In a letter to President Obama October 5, the Energy Equipment and Infrastructure Alliance (EEIA) objected to the Administration's recent suspension of construction work on the Dakota Access Pipeline, a 1,172-mile crude oil pipeline from the Bakken shale formation of North Dakota to a refinery hub in Illinois. The letter was co-signed by eighteen national trade associations and labor unions representing businesses and workers that build and supply energy infrastructure.
EEIA took issue with a ruling promulgated September 9 by the U.S. Departments of Justice, Interior and the Army Corps of Engineers. The agencies announced that the Corps was withholding an easement, which it had already permitted, for construction of a 40-mile stretch of pipeline on Corps land located east, west and under the Missouri River in the vicinity of Lake Oahe in North Dakota, "until it can determine whether it will need to reconsider any of its previous decisions."
EEIA urged the Administration to direct the agencies to release the easement immediately. "To arbitrarily preempt the review process, as these agencies have done, is not only grossly unfair, it will have a chilling impact on the willingness of developers in all fields to commit time and capital to the construction of the infrastructure our nation so vitally needs."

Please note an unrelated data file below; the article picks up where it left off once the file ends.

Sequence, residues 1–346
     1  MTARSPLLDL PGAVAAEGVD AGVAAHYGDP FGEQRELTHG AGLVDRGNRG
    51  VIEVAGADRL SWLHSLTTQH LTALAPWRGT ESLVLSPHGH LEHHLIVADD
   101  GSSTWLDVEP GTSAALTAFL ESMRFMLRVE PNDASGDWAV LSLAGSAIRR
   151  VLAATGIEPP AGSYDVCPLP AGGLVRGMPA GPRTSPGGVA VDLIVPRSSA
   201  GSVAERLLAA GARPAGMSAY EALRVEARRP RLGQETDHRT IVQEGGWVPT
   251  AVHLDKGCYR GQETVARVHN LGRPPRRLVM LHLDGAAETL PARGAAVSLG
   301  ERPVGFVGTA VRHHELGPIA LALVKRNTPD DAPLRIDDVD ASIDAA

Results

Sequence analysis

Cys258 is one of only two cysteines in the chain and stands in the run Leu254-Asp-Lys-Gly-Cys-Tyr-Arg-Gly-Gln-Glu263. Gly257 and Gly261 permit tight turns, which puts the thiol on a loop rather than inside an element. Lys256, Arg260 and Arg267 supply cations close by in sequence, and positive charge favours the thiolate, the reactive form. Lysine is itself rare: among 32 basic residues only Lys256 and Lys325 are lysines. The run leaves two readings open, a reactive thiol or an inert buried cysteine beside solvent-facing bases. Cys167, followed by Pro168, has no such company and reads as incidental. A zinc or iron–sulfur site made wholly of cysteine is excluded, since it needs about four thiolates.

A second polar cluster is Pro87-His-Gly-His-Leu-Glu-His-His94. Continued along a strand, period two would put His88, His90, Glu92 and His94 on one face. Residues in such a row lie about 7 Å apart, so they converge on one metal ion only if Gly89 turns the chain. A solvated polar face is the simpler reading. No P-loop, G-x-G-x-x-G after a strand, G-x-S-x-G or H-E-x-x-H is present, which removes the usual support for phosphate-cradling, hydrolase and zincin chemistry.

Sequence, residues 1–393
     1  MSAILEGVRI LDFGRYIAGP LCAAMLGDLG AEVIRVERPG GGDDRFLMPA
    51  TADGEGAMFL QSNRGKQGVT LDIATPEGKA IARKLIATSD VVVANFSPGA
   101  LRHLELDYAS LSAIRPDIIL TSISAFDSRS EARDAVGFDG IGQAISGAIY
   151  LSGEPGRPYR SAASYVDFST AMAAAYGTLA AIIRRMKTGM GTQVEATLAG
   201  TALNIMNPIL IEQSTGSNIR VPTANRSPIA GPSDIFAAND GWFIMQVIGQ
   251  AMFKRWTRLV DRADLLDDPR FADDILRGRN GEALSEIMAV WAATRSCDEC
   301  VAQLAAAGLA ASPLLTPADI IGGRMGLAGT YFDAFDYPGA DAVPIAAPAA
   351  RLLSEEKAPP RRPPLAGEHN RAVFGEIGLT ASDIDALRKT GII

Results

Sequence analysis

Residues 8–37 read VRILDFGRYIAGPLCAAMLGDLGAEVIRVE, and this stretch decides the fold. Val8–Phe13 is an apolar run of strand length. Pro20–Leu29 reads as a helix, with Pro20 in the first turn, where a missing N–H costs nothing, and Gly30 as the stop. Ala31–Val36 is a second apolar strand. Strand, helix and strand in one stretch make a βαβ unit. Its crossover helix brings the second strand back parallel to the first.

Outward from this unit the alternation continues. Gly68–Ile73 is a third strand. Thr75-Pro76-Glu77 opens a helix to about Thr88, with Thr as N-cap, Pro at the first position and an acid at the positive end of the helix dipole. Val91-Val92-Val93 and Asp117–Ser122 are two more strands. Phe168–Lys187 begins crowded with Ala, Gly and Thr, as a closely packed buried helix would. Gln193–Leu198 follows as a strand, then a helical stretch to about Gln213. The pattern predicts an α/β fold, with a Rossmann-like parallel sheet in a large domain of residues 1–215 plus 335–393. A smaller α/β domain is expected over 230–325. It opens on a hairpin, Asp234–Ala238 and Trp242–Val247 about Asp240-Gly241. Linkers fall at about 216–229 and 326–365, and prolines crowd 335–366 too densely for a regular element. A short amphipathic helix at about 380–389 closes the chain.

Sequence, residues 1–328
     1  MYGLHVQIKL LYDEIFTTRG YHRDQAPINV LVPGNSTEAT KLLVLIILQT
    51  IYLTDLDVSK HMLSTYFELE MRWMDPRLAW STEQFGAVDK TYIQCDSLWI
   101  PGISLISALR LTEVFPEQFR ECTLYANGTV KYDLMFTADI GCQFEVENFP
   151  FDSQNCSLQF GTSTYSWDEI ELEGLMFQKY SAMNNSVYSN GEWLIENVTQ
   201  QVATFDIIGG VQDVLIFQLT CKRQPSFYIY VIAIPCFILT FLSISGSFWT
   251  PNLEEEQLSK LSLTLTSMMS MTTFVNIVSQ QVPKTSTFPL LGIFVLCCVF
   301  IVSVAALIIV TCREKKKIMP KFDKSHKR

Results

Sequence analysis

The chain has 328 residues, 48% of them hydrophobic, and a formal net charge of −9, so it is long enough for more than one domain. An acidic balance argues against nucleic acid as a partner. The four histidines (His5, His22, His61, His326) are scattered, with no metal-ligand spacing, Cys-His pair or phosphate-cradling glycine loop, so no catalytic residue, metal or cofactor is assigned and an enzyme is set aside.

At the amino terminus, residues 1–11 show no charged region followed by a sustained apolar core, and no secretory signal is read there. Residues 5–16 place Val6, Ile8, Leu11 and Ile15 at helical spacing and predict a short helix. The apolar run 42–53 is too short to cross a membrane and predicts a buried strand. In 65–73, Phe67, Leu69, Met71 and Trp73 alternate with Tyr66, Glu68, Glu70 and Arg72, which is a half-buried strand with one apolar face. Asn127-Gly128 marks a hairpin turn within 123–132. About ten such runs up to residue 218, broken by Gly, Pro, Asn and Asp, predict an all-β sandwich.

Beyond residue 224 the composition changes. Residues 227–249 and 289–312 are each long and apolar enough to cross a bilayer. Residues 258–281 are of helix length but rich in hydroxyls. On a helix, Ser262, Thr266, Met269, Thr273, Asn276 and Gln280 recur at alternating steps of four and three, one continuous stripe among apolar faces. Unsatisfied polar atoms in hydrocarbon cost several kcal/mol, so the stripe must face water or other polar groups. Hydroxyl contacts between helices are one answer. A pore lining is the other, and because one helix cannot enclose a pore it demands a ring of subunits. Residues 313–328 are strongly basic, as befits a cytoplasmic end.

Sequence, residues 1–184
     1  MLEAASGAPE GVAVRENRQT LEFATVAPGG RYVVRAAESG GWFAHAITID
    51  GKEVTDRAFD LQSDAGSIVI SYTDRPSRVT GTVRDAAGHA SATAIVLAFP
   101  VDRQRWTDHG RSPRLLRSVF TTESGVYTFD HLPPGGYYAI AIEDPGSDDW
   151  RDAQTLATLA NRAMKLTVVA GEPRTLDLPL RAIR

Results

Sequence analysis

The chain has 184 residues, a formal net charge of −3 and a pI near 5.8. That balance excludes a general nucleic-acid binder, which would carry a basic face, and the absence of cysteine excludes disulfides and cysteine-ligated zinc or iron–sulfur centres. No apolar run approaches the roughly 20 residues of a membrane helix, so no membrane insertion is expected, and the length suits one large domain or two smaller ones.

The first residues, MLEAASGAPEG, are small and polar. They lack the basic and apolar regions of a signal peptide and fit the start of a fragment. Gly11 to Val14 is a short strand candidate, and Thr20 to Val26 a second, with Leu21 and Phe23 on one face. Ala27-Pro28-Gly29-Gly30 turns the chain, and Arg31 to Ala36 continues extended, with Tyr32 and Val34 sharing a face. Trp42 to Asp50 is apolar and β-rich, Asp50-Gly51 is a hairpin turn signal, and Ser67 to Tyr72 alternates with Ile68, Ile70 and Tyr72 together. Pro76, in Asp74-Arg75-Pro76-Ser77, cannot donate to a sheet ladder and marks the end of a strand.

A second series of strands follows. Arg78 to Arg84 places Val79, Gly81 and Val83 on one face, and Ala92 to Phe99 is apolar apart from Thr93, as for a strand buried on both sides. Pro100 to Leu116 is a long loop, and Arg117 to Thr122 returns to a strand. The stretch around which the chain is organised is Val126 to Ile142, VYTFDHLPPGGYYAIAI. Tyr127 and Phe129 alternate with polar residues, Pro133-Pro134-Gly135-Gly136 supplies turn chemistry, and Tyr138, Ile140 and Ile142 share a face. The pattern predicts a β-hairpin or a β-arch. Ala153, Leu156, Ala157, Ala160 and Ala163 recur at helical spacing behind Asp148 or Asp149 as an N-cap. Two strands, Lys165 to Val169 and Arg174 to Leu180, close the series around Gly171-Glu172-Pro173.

Construction of the pipeline, which traverses North Dakota, South Dakota, Iowa and Illinois, is well advanced, with the operating company reporting that it has already spent $2.5 billion of the estimated $3.7 billion project cost.
In the letter, EEIA CEO Toby Mack added, "Mr. President, this is not how our country should operate. The Dakota Access Pipeline has undergone a rigorous and well-established environmental and regulatory review."
The pipeline is being opposed by The Standing Rock Sioux Tribe and a coalition of anti-pipeline interest groups. The Administration announced suspension of construction September 9, immediately after a federal judge denied an injunction, ruling that the Tribe had been adequately consulted during the project's approval process. But the U.S. Court of Appeals for the District of Columbia Circuit agreed to hear an appeal. Arguments for and against the project were heard Wednesday. The Court did not indicate when it would rule.
By adding economical transport capacity, the pipeline would bring over 500,000 barrels per day of North Dakota Bakken shale-produced crude oil to market, enabling substantial new investment in production.